Re: [Non-DoD Source] [RealSTMFC] Photo: Lehigh Valley Gondola

Matt Herson

Yes, NYCTA subway cars were run in freight trains.  Attached is a shot on the CNJ at Cranford, NJ 12-64 of Budd built R32 cars with two DL&W gons on both ends.  The gons were equipped with an MCB coupler on one end and the NYCTA coupler on the other.  This allowed the brake pipe to be activated through the subway cars for braking.  The subway cars were always placed at the rear end of the train.  Cars from the various builders were delivered this way.  Have shots of NYCTA cars traveling through Windsor, Ont. On the Wabash.


Matt Herson


From: [] On Behalf Of Edward
Sent: Thursday, January 10, 2019 3:00 PM
Subject: Re: [Non-DoD Source] [RealSTMFC] Photo: Lehigh Valley Gondola


I don't think that transit or subway cars would have been cut into a train for of  freight cars while on their way from the plant to delivery.
They may have been moved as an extra, of 20-30 or so cars at a time and maybe even by night, to avoid potential vandalism along the way.
I've yet to see a photo of transit or subway cars in train movement for delivery, other than at a car float or delivery terminal.
Yet there must have been many such movements over the decades from 1905 to the 1990's, from Pullman, Standard Steel, Pressed Steel, St. Louis, ACF and Budd, to the municipalities buying such rolling stock. I think now such cars are shipped individually on flat cars or on highway flat-bed trailers.

The only movements of transit or subway cars I am familiar with through research, is the delivery of 90 motor units and10 trailers from Standard Steel Car to the Staten Island Rapid Transit (B&O New York Terminal subsidiary) in 1925.
The first ten cars left Standard at Hammond IN via NYC to GE's test track and facility at Erie PA in late February 1925.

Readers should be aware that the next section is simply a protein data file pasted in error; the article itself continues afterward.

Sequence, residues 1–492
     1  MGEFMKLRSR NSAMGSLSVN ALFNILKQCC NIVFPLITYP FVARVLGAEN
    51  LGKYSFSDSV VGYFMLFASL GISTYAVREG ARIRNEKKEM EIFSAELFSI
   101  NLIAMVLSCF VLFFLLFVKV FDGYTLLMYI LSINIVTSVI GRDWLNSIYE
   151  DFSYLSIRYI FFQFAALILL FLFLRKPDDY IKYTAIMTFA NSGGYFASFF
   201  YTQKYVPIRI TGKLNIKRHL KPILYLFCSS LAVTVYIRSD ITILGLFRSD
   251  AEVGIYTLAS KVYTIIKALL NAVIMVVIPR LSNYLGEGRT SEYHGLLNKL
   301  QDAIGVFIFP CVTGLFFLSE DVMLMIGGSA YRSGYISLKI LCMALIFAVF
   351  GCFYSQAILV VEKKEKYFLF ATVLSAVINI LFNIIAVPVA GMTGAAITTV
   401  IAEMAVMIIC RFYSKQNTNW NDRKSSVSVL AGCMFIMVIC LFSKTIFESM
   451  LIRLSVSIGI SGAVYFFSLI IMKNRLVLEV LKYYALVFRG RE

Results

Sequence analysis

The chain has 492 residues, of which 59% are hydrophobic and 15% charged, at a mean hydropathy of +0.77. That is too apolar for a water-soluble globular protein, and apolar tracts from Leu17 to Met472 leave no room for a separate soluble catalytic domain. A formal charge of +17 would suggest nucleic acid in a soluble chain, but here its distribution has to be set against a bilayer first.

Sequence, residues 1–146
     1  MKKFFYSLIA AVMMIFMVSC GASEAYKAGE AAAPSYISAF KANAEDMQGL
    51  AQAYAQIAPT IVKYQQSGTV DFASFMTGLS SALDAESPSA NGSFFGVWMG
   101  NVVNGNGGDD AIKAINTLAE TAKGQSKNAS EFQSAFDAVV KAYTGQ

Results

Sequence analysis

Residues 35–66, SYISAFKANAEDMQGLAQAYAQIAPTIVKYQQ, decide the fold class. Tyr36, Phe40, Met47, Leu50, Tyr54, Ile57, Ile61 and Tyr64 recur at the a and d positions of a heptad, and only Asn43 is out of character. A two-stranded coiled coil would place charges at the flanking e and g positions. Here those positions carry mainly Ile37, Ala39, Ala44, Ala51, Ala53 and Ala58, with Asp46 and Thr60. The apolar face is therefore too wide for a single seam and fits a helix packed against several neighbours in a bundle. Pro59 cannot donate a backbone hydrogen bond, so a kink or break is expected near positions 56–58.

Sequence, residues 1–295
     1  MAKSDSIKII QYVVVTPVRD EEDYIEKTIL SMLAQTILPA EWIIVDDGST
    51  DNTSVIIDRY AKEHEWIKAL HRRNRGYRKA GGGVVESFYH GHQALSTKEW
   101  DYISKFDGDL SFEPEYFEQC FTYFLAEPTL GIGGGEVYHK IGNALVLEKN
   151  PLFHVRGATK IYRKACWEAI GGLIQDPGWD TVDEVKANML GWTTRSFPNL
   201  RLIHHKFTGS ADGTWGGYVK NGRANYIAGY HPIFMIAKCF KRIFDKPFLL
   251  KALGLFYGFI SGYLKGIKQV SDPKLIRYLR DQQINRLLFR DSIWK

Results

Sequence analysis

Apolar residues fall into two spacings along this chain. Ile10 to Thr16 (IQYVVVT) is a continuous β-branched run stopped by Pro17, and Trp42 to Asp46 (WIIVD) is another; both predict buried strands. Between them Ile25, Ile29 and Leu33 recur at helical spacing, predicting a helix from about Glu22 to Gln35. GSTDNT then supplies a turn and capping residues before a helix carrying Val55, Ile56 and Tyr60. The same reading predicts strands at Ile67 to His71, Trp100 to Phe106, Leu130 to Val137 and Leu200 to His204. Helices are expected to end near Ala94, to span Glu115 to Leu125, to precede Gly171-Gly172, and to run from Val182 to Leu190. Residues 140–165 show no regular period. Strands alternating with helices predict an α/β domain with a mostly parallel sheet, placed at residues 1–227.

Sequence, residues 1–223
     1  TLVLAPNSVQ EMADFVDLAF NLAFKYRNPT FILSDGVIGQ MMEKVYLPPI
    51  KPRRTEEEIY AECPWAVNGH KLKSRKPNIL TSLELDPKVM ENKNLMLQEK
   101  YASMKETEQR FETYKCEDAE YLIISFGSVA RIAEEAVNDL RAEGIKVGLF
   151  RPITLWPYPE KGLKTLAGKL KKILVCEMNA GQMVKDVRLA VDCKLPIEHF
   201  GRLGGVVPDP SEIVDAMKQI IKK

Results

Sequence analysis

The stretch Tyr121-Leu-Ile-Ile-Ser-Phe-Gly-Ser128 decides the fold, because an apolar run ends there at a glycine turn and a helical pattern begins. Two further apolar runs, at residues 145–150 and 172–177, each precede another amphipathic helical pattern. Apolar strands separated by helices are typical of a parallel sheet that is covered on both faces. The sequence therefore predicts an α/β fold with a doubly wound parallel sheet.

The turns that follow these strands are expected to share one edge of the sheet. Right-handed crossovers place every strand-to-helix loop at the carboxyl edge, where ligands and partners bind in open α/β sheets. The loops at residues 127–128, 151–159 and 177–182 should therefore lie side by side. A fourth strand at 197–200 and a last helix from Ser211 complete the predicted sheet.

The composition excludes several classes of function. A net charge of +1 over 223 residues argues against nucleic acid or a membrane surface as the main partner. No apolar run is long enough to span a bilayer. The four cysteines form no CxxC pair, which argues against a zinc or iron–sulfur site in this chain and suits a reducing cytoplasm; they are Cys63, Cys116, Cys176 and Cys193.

These were track tested and had the car controls calibrated by GE to vary switching points between series and parallel.
The cars then went to the SIRT Clifton Shops (sans motors and pickups) along with calibration documentation.
They likely went via Erie to NY and car floats to St. George.
The SIRT Clifton Shops installed the traction motors, shoe beams and contact shoes.

The remainder of the contract was shipped in three additional special movements like the first, going by rail directly to Staten Island via Cranford Junction in NJ.
The attached photo shows the second train of sixteen SIRT cars ready to leave the Standard Steel plant for delivery in May, 1925
In shipping, the cars did not have their traction motors, third rail shoe beams or pickup shoes installed.
An AAR coupler and air hoses were fitted to one end of the first car and the back end of the last for the movement. 
Th remainder of the train retained the Westinghouse H-2A type multiple unit electric couplers.  

Ed Bommer


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